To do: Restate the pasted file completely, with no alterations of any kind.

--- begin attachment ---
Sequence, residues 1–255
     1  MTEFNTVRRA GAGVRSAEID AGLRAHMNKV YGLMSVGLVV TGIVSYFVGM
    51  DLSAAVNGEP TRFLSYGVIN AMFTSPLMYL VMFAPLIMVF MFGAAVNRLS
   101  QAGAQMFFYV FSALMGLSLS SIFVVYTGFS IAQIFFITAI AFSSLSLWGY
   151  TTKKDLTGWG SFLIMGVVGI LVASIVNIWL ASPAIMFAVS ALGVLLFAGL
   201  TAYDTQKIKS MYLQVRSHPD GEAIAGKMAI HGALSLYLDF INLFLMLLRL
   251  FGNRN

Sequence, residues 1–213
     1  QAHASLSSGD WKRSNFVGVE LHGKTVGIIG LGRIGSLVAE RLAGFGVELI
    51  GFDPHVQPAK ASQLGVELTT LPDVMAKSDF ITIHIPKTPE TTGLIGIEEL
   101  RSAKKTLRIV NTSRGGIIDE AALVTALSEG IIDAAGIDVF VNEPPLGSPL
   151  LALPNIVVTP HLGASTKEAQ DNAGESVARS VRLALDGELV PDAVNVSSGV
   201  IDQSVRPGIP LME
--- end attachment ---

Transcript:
Sequence, residues 1–255
     1  MTEFNTVRRA GAGVRSAEID AGLRAHMNKV YGLMSVGLVV TGIVSYFVGM
    51  DLSAAVNGEP TRFLSYGVIN AMFTSPLMYL VMFAPLIMVF MFGAAVNRLS
   101  QAGAQMFFYV FSALMGLSLS SIFVVYTGFS IAQIFFITAI AFSSLSLWGY
   151  TTKKDLTGWG SFLIMGVVGI LVASIVNIWL ASPAIMFAVS ALGVLLFAGL
   201  TAYDTQKIKS MYLQVRSHPD GEAIAGKMAI HGALSLYLDF INLFLMLLRL
   251  FGNRN

Sequence, residues 1–213
     1  QAHASLSSGD WKRSNFVGVE LHGKTVGIIG LGRIGSLVAE RLAGFGVELI
    51  GFDPHVQPAK ASQLGVELTT LPDVMAKSDF ITIHIPKTPE TTGLIGIEEL
   101  RSAKKTLRIV NTSRGGIIDE AALVTALSEG IIDAAGIDVF VNEPPLGSPL
   151  LALPNIVVTP HLGASTKEAQ DNAGESVARS VRLALDGELV PDAVNVSSGV
   201  IDQSVRPGIP LME